The acquisition of positional information across the radial axis of the cochlea.

Vidhya Munnamalai, The Jackson Laboratory
Donna M Fekete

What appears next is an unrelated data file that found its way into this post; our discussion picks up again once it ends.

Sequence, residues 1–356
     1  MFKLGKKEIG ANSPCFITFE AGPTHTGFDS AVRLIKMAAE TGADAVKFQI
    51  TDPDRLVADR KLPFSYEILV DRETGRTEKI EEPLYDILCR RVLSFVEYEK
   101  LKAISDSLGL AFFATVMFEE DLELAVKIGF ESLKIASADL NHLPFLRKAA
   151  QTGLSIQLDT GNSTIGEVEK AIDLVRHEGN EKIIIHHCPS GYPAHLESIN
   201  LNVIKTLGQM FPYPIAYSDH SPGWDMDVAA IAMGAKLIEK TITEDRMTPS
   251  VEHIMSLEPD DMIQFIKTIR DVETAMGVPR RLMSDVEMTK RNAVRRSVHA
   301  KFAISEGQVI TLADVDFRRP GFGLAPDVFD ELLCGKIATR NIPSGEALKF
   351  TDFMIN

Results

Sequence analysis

The mammalian cochlea detects sound and transmits this information to the brain. A cross section through the cochlea reveals functionally distinct epithelial domains arrayed around the circumference of a fluid-filled duct. Six major domains include two on the roof of the duct (Reissner's membrane medially and the stria vascularis laterally) and four across the floor of the duct, including the medial and lateral halves of the sensory domain, the organ of Corti. These radial domains are distinguishable in the embryonic cochlea by differential expression of transcription factors, and we focus here on a subset of the factors that can influence cochlear fates. We then move upstream of these genes to identify which of five signaling pathways (Notch, Fgf, Wnt, Bmp, and Shh) controls their spatial patterns of expression. We link the signaling pathways to their downstream genes, separating them by their radial position, to create putative gene regulatory networks (GRNs) from two time points, before and during the time when six radial compartments arise. These GRNs offer a framework for understanding the acquisition of positional information across the radial axis of the cochlea, and to guide therapeutic approaches to repair or regenerate distinct cochlear components that may contribute to hearing loss.